Maintaining optimal gut flora, and 'reseeding' your gut with fermented foods and probiotics when you're taking an antibiotic, may be one of the most important steps you can take to improve your health, and this is particularly important if you’re planning to become pregnant. If you aren't eating fermented foods, you most likely need to supplement with a probiotic on a regular basis, especially if you're eating a lot of processed foods.

Parental Saliva May Have Beneficial Effect on Baby’s Immune System, Cutting Allergy Risk

Infant growth is just one of many aspects affected by the composition of bacteria in your body. Another recent study published in the journal Pediatrics3 found that parents who clean off their child’s pacifier by sucking on it may be inadvertently reducing their child's risk of developing allergies4, 5. This appears to be a side effect of your oral bacteria affecting your child’s gut bacteria.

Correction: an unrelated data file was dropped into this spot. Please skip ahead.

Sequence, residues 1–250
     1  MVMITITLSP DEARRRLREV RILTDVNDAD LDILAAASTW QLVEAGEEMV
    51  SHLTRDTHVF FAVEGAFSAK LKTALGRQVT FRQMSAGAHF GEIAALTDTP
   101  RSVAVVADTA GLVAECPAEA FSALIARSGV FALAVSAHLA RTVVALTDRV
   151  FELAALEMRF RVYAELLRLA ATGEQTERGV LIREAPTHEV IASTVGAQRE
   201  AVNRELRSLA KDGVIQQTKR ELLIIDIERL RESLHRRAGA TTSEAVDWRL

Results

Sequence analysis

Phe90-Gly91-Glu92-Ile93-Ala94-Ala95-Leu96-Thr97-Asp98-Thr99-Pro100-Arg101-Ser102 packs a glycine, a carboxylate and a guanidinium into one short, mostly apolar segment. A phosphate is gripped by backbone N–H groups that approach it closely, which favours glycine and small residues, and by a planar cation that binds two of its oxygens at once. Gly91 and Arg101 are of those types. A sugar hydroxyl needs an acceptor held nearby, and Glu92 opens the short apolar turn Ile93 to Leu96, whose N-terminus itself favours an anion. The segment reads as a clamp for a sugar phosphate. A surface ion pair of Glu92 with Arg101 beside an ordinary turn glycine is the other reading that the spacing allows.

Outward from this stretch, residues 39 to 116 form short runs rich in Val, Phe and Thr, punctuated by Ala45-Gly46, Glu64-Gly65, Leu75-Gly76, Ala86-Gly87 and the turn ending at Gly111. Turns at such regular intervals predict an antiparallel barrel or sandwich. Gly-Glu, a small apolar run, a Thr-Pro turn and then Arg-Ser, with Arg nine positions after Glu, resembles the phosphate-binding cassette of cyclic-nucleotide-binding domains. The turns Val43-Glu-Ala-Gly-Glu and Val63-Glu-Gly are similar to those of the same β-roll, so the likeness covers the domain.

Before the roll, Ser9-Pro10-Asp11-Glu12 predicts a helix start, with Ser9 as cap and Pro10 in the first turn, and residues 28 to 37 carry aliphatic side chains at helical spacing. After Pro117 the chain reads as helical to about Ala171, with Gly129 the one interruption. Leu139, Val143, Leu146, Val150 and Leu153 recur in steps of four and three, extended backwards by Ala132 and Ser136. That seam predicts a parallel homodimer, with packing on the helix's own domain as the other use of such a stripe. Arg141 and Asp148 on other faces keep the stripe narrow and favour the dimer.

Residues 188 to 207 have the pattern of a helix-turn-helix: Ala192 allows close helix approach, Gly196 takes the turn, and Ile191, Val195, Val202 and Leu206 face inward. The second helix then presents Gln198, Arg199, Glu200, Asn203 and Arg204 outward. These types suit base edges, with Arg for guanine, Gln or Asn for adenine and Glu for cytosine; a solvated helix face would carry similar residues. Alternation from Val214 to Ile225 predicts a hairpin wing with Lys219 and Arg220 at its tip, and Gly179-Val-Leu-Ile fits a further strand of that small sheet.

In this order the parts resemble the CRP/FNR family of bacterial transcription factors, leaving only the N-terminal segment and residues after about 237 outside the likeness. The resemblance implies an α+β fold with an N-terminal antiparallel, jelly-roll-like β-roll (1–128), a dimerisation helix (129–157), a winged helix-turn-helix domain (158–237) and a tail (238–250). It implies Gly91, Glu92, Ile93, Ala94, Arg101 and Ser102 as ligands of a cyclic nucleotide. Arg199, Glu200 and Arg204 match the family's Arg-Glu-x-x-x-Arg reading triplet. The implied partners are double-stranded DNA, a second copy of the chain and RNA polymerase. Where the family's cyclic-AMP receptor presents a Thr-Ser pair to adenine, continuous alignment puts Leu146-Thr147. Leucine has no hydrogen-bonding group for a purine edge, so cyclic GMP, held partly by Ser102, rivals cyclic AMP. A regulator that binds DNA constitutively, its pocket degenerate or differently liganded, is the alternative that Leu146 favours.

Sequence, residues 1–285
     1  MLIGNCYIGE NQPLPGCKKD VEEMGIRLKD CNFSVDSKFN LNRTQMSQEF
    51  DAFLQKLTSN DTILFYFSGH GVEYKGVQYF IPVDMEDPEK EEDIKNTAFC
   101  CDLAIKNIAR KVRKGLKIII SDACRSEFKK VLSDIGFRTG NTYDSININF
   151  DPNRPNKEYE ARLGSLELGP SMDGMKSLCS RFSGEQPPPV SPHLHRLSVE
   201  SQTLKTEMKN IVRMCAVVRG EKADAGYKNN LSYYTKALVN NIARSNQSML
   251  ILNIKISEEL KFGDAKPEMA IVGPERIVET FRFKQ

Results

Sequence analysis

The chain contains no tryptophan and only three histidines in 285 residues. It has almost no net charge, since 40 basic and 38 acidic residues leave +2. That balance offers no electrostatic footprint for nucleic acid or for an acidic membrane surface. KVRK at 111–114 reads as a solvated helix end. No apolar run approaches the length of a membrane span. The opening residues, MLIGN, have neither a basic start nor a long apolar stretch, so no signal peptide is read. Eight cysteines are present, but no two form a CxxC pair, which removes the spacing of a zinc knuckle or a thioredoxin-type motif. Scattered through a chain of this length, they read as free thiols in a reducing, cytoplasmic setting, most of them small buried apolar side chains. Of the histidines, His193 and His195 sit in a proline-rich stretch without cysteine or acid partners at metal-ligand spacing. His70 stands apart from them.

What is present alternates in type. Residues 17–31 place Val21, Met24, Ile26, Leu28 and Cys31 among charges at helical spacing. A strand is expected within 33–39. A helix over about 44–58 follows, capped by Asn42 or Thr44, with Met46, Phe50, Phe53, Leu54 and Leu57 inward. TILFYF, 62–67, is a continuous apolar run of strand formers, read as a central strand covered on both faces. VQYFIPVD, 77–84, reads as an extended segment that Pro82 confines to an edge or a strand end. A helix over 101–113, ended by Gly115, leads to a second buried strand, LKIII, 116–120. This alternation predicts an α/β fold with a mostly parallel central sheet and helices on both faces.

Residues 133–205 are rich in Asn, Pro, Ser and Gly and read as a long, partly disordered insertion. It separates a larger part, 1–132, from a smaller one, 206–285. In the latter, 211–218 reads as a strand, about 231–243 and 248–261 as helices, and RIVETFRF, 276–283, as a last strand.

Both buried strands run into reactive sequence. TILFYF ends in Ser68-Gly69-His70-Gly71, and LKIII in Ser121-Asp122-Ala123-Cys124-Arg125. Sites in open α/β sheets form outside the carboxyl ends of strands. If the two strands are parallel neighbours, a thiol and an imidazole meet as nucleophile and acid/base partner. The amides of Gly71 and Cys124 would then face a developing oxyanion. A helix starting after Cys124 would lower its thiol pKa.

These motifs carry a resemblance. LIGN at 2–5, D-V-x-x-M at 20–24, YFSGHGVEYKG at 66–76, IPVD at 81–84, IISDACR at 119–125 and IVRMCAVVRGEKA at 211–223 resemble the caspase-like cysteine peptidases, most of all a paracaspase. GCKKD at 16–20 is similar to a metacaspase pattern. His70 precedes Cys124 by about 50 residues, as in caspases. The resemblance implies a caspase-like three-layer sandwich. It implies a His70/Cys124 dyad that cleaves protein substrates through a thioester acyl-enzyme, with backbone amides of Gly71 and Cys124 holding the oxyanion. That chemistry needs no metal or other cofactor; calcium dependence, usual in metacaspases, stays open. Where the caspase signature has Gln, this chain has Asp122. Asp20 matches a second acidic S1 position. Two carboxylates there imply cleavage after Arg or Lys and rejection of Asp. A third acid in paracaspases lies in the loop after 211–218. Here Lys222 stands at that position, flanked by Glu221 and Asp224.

According to the authors:
"Exposure of the infant to parental saliva might accelerate development of a complex oral/pharyngeal microbiota that, similar to a complex gut microbiota, might beneficially affect tolerogenic handling of antigens by the oral/pharyngeal lymphoid tissues. Moreover, oral bacteria are swallowed and hence also affect the composition of the microbiota in the small intestine, which may in turn regulate tolerance development in the gut."
Other studies have similarly shown that your child’s microbiota may influence his or her risk of developing allergies as a result of leaky gut syndrome. Leaky gut is a condition that occurs due to the development of gaps between the cells (enterocytes) that make up the membrane lining your intestinal wall. These tiny gaps allow substances such as undigested food, bacteria and metabolic wastes that should be confined to your digestive tract to escape into your bloodstream -- hence the term leaky gut syndrome.